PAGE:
I keep writing and rewriting and grasping for the right words, but nothing seems to be sufficient.  Growing up in a small town in Illinois, I can count on one hand the number of disabled people I had regular contact with.  I’m not used to walking around with a badass disability brigade, but let me tell you there’s nothing quite like it.  Thank you AAPD a million times over for making THAT possible.  Thank you

This summer I marched in solidarity and immersed myself in culture.  This summer I experienced understanding without once having to ask or explain.  This summer I felt pride in my people.  I found mentors and role models and advocates who will fight alongside me for years to come, and all I can say is thank you.

Thank you AAPD for being a convener, connector, and catalyst.  Thank you for bringing me to DC.


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Lauren Galloway is a 2017 AAPD Summer Intern placed with Senator Chuck Schumer (D-NY).

Deaf Talent in Hollywood

September 29, 2017 | April Caputi, 2017 AAPD Summer Intern

Before the Americans with Disabilities Act existed, Hollywood has been known to produce films that did not depict Deaf people correctly, due to a lack of Deaf awareness. The stereotypes they portrayed affects the perception of Deaf people to general hearing audiences, and were, for the most part, negative and dehumanizing. Deaf awareness to the public did not really begin until the 1960’s-70’s when The National Theater for the Deaf was established, American Sign Language was recognized as a language, closed-captioning created a recognized Deaf audience, and a number of scripts containing Deaf themes were produced. 1989 was the year the Deaf community made significant progress through Gallaudet University in bringing Deaf awareness to the public during the struggle for Deaf rights.

Since then, there have been some positive depictions of Deaf culture, such as Children of a Lesser God, in which Marlee Matlin became the youngest and first Deaf woman to win an Academy Award for her role in 1986. In 2011, ABC Family’s Switched at Birth premiered, featuring several Deaf characters all played by real Deaf actors and accurately portrays their culture. In the fall of 2015, Broadway held a revival of Spring Awakening incorporating ASL and hiring several Deaf actors for the musical. Even with these accomplishments, Hollywood is still unconvinced in accepting Deaf people as a genuine cultural minority group.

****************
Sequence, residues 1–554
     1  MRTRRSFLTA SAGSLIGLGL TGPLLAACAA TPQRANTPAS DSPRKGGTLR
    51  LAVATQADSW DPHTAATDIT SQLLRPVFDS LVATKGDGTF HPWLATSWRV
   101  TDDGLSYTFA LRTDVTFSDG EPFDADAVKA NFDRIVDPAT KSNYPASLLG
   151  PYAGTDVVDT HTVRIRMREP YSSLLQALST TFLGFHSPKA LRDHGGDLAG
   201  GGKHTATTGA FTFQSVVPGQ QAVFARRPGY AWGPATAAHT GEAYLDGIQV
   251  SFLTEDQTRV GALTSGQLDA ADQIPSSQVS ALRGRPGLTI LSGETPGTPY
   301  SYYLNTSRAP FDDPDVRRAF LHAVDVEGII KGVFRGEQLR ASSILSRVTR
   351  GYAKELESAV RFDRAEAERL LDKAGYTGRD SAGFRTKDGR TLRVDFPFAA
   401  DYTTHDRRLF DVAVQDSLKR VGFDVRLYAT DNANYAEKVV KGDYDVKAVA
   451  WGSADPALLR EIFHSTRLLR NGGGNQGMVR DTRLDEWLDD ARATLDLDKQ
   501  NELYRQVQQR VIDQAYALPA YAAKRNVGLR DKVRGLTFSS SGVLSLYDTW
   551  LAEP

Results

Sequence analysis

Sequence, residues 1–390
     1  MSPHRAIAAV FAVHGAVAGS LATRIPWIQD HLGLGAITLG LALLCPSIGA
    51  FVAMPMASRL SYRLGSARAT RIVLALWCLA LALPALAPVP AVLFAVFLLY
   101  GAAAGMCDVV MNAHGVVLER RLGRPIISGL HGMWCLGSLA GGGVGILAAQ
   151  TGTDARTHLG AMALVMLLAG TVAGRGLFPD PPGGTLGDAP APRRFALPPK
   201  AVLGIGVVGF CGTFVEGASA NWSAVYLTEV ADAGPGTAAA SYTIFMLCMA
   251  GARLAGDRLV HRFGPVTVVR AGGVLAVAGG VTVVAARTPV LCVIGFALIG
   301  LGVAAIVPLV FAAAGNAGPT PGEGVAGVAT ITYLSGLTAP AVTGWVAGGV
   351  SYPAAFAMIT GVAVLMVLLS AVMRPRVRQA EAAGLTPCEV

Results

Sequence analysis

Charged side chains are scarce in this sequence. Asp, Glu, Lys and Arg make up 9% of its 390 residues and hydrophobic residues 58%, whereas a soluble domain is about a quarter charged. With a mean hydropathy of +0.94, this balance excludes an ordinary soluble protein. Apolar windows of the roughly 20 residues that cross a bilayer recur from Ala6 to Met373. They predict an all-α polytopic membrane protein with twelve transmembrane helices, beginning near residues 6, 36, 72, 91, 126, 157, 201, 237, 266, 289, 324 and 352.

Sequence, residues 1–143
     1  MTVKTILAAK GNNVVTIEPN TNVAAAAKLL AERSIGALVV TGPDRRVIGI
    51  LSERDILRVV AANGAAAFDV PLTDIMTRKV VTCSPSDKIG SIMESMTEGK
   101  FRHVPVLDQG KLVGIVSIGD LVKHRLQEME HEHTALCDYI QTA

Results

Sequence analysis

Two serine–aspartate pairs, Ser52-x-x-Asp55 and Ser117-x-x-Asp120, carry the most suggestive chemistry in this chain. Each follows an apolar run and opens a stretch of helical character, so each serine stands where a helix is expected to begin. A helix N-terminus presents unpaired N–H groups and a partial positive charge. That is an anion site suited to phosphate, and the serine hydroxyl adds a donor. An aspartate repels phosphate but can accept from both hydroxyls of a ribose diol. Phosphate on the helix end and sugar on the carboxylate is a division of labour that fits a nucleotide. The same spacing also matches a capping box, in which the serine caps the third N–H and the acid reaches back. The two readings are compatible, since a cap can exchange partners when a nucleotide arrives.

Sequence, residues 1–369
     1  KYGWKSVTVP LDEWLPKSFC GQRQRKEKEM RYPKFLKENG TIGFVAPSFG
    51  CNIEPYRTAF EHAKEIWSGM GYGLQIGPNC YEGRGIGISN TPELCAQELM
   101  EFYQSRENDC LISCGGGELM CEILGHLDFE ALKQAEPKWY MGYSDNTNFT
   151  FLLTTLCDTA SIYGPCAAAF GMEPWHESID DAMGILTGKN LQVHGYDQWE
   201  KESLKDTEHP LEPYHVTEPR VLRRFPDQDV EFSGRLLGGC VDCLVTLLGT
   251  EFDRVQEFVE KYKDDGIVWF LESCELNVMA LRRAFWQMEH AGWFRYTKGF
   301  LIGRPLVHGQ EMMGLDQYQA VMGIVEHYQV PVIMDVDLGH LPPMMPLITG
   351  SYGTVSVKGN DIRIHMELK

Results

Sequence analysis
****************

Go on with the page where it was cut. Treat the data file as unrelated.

Hollywood has a tendency to hire Deaf actors only for films about Deaf people and refuse them for anything otherwise. There have been numerous cases where hearing actors play Deaf characters. This is a cultural offense to Deaf people since it does not provide an accurate representation of Deaf people and it denies job opportunities to them. Hollywood’s so-called solutions have been to take crash courses in ASL, Deaf culture, Deaf mannerisms, and the “Deaf style” of acting. At a roundtable discussion, I heard Marlee Matlin share a story in which she was denied a Deaf role, yet was asked to teach the hearing actor how to be Deaf. No matter how much a hearing person learns about it, he/she will never be able to fully embrace the life of a Deaf person as well as a Deaf person him/herself.

Part of this problem is that Hollywood does not even hire Deaf people as writers, producers, and directors. To move in the right direction, Deaf people need opportunities to write stories about Deaf people (or at least, include Deaf characters) that are accurate and does justice to the community. We also need more stories of integration and inclusion where disability is not the main focus of the story. People with disabilities are people first, and they live their daily lives like everyone else.